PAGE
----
• +3
VAMatt SecondWar (on 26 May 2023)

The FTC is not attempting to block the deal. The FTC has taken an action that they know has no possibility of stopping the deal from closing. They are trying to get Microsoft into legally binding concessions, exactly the same as the EC has done.

  • +2
Azzanation (on 25 May 2023)

The Director incharge of the CMA was an ex Sony/Google employee for their law firms. Ironically it was Sony and Google who pushed hard to block this deal.
Conflict of interests and corruption.

  • +11
Johnd Azzanation (on 26 May 2023)

Mike Ybarra was an xbox head and now runs Blizzard. Gave Microsoft the inside scoop when Sony were trying to buy them.
Hence Microsoft swooping in and buying for even more!

  • -9
Libara Johnd (on 26 May 2023)

Sony couldn't afford Blizzard.

  • +11
smroadkill15 Johnd (on 26 May 2023)

Wild take lol

  • +5
Imaginedvl Johnd (on 28 May 2023)

What? Sony could never afford them in the first place what are you blabbering about haha.
He is talking about facts here not speculations from people (whoever or whatever is your ‘source’) who are making up stuff out of their b..h.. :)

  • +2
Imaginedvl (on 25 May 2023)

Checks out :)

  • +3
enurtsol (6 days ago)

With the US FTC, it's been political from the start. Here's what was said by the antitrust expert who successfully litigated the monopoly case against Microsoft in the 1990s:

That the FTC head Lina Khan just wants to take antitrust cases to court, even with little evidence and a losing case, just to demonstrate to US Congress that the country needs new antitrust legislation

In other words, these cases are FTC political show for Congress:

"Antitrust expert who defeated Microsoft says FTC's Activision deal strategy is 'nutty' - FTC head Lina Khan is pursuing a stated strategy of bringing cases even with little evidence."

  • Lina Khan, head of the FTC, has publicly stated she wants the agency to bring cases forward even when the evidence isn't strong.

    Many are casting doubts that the FTC has the facts on its side to win one or both of these cases against these tech giants. Among the skeptics is Douglas Melamed, dubbed the Michael Jordan of antitrust law. Melamed is a former acting assistant attorney general in charge of the Antitrust Division at the Department of Justice. He was principal deputy assistant attorney general when the DOJ successfully sued Microsoft over antitrust violations in the 1990s.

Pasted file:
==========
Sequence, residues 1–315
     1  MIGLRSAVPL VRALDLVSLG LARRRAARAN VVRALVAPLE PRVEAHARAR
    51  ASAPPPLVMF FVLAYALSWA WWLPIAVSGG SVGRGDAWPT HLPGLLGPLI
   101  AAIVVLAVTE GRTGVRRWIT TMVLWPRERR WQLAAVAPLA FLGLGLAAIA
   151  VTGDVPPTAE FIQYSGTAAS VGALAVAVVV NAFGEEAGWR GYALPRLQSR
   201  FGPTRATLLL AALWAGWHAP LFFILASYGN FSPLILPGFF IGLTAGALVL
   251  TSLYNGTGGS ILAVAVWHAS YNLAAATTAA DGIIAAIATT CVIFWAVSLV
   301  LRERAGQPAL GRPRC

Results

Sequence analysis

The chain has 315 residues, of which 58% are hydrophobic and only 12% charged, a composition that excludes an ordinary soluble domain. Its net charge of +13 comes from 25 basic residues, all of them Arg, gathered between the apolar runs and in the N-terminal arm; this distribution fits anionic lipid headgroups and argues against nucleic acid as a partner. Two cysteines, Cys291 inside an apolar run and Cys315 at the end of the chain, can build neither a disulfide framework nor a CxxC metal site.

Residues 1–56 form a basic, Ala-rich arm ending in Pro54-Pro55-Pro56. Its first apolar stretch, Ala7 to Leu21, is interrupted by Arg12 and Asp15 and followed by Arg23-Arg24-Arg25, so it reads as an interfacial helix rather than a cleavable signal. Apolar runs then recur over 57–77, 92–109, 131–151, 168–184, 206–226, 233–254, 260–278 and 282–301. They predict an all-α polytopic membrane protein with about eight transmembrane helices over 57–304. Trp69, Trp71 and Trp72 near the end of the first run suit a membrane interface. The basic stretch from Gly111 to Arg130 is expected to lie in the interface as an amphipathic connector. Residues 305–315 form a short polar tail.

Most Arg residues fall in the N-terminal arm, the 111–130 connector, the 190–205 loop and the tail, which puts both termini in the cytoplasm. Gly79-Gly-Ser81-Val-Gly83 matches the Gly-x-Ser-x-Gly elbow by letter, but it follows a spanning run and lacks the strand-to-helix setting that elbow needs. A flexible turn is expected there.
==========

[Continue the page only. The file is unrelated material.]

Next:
Melamed, who is now a professor at Stanford Law School, said FTC Chair Lina Khan is willing to lose cases to demonstrate to Congress that the country needs new antitrust legislation.

    “I think that’s kind of nutty,” Melamed said. “I think if you lose cases, the most likely inference Congress is going to draw is either you brought bad cases or you don’t know how to litigate them.”

    Melamed thinks Microsoft’s case might be an even tougher challenge for the FTC than the one with Meta and Within. He said based on the complaint, the agency seems to lack rigorous economic analysis to back up its claims against the tech giant.

    “In this case, the commission really doesn’t seem to care about economics at all. This seems to be built entirely on anecdote. And the storytelling about it – I think all good litigators tell a good story, but in antitrust, typically you back that up with some numbers and some rigorous economic analysis and there’s no indication of that in the complaint."

    Melamed is saying arguments vs Microsoft’s purchase of Activision are not backed up by economic analysis or numbers, and is anecdotal at best. It isn’t as clear a case as the one they pursued in the DOJ years ago about Microsoft locking other developers out of Windows.

  • 0
dane007 (on 25 May 2023)

Is Belgium internet that good for cloud gaming?

  • 0
AJNShelton dane007 (on 25 May 2023)

Surprisingly, yes, I tried xCloud there, works perfectly fine

  • 0
dane007 AJNShelton (on 25 May 2023)

No latency?

  • 0
AJNShelton dane007 (on 26 May 2023)

I am not skilled enough to notice small latency issues. I played Doom Eternal, Forza Horizon 4 and another game (don't recall), worked great

  • +1
Drakrami (on 27 May 2023)

Microsoft buying the top FPS franchise, WoW, Overwatch, Diablo is actually "pro competitive".

Not to mention they are already sitting on Halo, Gears, Forza, Fable, and recently bought ElderScrolls, Fallout and etc...

Thank about that for a minute. This lady is talking out of butt and probably accepting shady deals under the table.

  • -3
smroadkill15 Drakrami (on 27 May 2023)

There is no such thing as a monopoly of a genre lol. Making up criteria to prove some kind of monopoly is about as weak of an argument as anyone can have.

  • +2
tslog (on 25 May 2023)

CMA corruption growing more obvious every day.

Cost free licensing of Xbox & ABK games to other Cloud providers will help those small cloud companies grow & will be in “competition” with MS cloud, something the Corrupt CMA is lying about. CMA saying MS sets the cloud terms….what terms are they ? a FREE licence that will help them grow.
CMA corruption is so obvious it’s shocking.
Don’t forget that this CMA corruption will go unpunished & will be covered up as well by the British government, cause it’s too embarrassing to admit.

  • -4